“When patterns are broken, new worlds emerge.” –Tuli Kupferberg

Question: When did you first see that patterns in your life needed to be broken?

I specifically remember when I awakened to the fact that my family had been dysfunctional growing up. By then, I was an adult with two kids. As I thought about certain things I could identify, I remember saying, “The buck stops here!“ I wanted to break generational patterns. What I was conscious of, and with sincerity, I began a process of healing. At that time, I didn’t really know what recovery involved. I did things mostly by “self-help” methods which did shave off some surface level issues.

I needed a real recovery path and a support system including consistent therapy and more. It happened years later when my life upended and I was in an intensive “Survivors” therapy group. I was confronted head on with decades more of my dysfunctional living. It became so apparent. I also had subjected my four kids to these patterns for years. I felt such remorse, but also determination to do what I needed to do to go deep into the layers, and heal these dysfunctional patterns. I’ve been in recovery long enough now to witness some new, positive changes in the family as dysfunctional patterns are healing through this ongoing process.

This morning I was pondering the recent tragedies and violence in our world. What will it take to turn things around? I clearly don’t have all the answers, but I do know this: it takes every one of us doing our own healing recovery work. I don’t think it’s a far stretch to say that anyone who turns violent is dealing with some type of mental health issue, which covers a broad-spectrum of concerns.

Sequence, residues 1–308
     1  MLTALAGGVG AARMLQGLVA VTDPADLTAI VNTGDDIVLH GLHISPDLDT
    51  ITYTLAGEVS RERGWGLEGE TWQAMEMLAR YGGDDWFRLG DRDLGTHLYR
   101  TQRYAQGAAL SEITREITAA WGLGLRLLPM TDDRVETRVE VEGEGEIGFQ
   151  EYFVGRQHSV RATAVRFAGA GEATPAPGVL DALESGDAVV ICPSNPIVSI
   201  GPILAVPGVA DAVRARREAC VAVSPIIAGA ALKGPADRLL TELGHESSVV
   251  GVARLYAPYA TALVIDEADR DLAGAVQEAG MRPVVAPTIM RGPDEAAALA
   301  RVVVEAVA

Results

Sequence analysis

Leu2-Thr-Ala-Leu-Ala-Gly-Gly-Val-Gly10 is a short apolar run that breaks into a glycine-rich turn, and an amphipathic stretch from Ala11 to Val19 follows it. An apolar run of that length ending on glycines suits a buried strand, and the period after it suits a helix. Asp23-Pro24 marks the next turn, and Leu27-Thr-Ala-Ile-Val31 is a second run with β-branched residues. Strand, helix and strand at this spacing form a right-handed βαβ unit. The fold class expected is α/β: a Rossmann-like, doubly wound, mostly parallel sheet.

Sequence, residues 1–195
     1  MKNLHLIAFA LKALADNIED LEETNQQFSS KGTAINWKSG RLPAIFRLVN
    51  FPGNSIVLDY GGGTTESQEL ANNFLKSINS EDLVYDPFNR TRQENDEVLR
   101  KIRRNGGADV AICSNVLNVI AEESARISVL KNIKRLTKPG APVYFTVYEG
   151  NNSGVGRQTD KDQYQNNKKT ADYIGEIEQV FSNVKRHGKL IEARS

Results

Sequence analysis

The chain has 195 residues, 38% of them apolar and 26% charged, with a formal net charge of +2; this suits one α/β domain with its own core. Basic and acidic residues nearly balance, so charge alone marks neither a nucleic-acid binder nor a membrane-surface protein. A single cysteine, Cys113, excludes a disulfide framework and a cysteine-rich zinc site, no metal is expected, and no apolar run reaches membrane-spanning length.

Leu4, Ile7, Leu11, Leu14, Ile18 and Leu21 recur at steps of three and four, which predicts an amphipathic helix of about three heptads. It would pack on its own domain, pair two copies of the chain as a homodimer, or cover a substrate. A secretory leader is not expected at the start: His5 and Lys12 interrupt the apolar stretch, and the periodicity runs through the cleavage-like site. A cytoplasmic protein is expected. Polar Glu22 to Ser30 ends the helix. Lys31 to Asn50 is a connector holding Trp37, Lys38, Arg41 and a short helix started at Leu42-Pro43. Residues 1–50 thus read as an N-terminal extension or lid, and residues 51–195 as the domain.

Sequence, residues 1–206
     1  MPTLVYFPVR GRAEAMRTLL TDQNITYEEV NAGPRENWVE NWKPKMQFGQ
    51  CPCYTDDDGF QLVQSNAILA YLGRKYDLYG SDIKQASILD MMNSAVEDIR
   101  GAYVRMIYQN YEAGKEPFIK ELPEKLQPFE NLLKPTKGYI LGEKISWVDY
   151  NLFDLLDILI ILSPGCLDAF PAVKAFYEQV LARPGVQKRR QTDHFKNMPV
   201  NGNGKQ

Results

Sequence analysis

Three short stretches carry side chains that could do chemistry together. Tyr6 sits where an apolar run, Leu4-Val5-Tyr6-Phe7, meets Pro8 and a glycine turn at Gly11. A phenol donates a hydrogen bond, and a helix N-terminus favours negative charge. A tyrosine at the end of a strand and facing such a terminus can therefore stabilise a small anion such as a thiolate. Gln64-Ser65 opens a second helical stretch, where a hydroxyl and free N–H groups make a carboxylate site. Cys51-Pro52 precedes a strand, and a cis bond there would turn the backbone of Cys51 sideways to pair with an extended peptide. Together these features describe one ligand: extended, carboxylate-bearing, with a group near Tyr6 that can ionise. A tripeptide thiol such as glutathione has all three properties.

We are definitely making headway with mental health in our society— there’s hard fought new legislation, 988 and the list goes on. Fantastic achievements that come with momentum to do more! Things are happening at all levels: in communities, states, and federally. Maybe you’re already involved at some level. Others may be looking at how to become more involved.

We need all of that to continue and, it also demands personal responsibility for each of us individually. If we have unhealthy anger, rage etc. we must commit to seeking help and do whatever it takes to dig into recovery work and heal, so that a better world can emerge for us all. We must do it like our lives depend on it. And – they just may!

Cheri Thomas

Cheri works as a Peer Support Specialist for RI in Arizona. She has experienced loss and grief which has led her to write for the masses to bring voice to those in similar situations. Cheri possesses a deep passion to share with, encourage, and inspire others on what she calls the Journey of the Heart.